Earlier this week, the Wall Street Journal issued a new set of guidelines for professional conduct to its staff which, among other things, detailed the do's and don'ts of social networking. At the time, reaction to the rules was unknown, but writing on her Save the media blog, newspaper journalist, Gina Chen, clearly disagrees with the WSJ bosses.
"This is an open letter to the Dow Jones and Co.," begins the post. The author says that executives at the WSJ "fail" to grasp the point of social media and proceeds to address each specific rule, line by line.
For instance, regarding the rule that states staff should not "disparage the work of colleagues or competitors or aggressively promote your coverage," the writer agrees that it would be "bad form" to criticise the work of others, but disagrees with the second point on individuals having the right to raise their own profiles: "But what's wrong with promoting your own coverage," she asks? "One of the great benefits of Twitter, Facebook, other social media is you can link to your blog or story and let others who might be interested know about it. It seems without that ability social media becomes somewhat pointless, and you limit your audience to those who already read you or happened upon you in a Google search."
Although, is the WSJ not simply saying here that employees should not force their work on others, but that a reasonable level of self-promotion is otherwise accepted? How a journalist would be expected to quantify "reasonable level" is, of course, open to interpretation.
Nevertheless, one particularly good point is made about the difference between "connecting with" readers and purely "broadcasting to them." The author says: "It's a conversation. People follow you because they like you or they're interested in your topic area. If you want to connect with people on Twitter you need to come across as a human being, who jokes around, who tweets a favourite song, who complains about the weather. Nobody wants to follow a robot. And that's not connecting; that's broadcasting."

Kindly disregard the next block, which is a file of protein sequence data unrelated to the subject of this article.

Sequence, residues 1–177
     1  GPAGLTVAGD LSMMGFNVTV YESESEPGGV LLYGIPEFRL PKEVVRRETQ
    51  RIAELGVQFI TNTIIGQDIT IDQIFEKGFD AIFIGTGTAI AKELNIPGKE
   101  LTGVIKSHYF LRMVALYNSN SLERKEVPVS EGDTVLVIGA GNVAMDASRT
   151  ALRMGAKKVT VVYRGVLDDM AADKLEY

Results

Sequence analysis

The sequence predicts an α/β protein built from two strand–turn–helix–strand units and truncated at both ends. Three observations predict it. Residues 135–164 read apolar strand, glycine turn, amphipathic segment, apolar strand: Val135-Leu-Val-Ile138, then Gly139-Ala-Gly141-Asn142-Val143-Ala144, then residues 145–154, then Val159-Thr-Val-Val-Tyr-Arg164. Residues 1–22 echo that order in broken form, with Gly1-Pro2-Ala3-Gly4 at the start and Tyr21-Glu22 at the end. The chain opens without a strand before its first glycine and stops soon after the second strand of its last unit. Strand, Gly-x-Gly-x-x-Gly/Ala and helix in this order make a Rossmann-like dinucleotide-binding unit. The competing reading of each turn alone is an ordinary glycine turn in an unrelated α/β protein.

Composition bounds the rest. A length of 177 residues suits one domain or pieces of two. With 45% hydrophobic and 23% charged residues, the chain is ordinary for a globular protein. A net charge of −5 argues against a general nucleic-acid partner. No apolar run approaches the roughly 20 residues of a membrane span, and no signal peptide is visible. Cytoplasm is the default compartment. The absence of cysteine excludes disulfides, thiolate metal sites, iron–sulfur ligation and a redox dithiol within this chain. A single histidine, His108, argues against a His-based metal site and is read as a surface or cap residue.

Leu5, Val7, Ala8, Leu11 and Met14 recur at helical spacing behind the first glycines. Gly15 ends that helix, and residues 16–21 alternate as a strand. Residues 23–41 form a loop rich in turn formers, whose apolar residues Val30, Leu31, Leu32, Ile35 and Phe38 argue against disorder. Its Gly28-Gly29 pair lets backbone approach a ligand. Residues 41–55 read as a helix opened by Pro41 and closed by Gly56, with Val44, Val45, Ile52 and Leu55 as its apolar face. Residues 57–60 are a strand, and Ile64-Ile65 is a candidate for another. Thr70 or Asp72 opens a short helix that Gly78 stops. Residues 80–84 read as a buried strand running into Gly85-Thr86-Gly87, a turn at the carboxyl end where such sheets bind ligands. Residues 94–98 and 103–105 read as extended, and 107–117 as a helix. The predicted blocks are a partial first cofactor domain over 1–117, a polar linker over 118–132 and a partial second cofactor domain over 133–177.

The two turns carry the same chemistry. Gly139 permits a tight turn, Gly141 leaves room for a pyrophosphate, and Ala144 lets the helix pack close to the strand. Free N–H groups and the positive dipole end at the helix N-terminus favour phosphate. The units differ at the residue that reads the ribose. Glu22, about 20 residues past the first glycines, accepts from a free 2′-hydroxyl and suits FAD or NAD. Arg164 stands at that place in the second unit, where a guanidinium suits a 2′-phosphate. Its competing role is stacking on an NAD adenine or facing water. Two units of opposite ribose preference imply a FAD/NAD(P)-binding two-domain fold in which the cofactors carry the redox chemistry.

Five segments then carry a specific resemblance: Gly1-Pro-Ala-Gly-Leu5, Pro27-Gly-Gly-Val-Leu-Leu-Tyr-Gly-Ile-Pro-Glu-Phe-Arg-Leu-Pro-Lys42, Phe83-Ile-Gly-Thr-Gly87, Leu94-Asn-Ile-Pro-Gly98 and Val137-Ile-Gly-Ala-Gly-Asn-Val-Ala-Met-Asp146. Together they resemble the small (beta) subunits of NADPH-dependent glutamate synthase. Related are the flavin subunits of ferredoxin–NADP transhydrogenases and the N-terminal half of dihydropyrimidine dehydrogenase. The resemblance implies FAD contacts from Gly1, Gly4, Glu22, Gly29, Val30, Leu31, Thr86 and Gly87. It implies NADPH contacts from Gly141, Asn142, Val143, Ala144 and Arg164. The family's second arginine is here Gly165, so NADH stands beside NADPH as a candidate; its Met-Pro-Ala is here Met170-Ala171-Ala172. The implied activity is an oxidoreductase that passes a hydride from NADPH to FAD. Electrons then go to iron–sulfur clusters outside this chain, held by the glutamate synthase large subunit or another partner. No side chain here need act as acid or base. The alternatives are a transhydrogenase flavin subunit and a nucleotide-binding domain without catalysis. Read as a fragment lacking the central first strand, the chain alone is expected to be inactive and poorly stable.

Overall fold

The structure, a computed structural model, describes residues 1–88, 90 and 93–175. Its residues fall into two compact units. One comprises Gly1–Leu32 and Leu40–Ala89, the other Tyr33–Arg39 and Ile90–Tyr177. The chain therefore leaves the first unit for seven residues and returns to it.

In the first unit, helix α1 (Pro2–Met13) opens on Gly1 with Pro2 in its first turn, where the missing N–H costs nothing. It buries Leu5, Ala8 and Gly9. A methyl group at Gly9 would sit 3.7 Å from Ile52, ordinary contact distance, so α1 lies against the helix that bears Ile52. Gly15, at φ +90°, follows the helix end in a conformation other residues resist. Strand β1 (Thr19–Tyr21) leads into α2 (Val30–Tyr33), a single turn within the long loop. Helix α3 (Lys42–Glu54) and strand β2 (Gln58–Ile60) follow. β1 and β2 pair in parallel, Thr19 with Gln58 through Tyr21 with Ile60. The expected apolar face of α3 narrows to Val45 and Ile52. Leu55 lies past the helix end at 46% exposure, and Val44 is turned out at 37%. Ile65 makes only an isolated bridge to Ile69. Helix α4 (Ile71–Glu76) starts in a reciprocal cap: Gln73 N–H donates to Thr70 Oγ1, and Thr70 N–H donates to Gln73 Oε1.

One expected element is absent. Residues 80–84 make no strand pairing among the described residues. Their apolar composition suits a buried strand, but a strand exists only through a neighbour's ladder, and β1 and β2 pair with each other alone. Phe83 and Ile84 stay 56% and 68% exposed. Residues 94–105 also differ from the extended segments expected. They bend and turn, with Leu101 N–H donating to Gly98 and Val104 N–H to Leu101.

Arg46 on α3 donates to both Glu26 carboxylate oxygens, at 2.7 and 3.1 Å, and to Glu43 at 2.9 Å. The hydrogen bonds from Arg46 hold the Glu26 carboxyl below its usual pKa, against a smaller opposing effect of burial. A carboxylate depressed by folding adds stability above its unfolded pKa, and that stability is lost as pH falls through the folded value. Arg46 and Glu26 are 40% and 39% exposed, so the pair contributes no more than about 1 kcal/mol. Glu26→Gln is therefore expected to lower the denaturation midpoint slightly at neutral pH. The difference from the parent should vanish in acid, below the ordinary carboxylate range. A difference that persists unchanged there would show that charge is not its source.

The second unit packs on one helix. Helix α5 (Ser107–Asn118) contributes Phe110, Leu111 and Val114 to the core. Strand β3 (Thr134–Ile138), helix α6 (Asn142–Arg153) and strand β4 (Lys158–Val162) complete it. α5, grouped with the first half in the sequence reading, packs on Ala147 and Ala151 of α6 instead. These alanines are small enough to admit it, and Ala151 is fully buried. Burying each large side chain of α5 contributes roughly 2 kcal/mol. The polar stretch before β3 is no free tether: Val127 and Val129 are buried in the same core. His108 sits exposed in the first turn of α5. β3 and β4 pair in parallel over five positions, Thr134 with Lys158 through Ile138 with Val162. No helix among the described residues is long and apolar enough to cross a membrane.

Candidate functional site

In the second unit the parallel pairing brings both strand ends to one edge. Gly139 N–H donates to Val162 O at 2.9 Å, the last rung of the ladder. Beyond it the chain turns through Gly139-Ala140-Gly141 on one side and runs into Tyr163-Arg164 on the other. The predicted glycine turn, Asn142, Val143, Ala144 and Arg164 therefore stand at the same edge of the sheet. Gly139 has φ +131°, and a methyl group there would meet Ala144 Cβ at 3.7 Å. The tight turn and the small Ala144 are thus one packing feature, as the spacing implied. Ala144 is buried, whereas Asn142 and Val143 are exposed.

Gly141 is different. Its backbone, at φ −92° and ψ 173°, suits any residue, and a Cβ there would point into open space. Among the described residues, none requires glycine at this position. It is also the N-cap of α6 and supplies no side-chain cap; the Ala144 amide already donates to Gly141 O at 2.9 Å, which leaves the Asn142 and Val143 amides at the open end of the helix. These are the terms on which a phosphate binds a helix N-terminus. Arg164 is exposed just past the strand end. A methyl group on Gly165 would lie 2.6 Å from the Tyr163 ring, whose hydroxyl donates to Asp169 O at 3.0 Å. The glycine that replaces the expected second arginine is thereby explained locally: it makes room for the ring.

Chen is not alone in her criticism of the Wall Street Journal's attitude to social networking; writing on his blog, BuzzMachine, Jeff Jarvis agrees, as does Matthew Ingram, writing for the Nieman Journalism Lab, who says the rules are too restrictive: "The idea that you can maintain a strict division between the personal and professional just doesn't jibe with the way social networks (or human beings) operate," says Ingram. Steve Buttry, on the other hand, commends the WSJ for giving employees instructions on online etiquette, but concedes "that some of the guidelines reflect a lack of understanding about social media."
Even though it would be irresponsible for a news organisation not to brief staff on what is considered acceptable online behaviour and could potentially lead to staff unwittingly leaking confidential information - as recently happened at the New York Times - the point about social network sites offering journalists the opportunity to connect directly with readers is an interesting one. Whatever the rules, editors should welcome the debate with their staff and why not invite the social network members themselves to contribute to the discussion?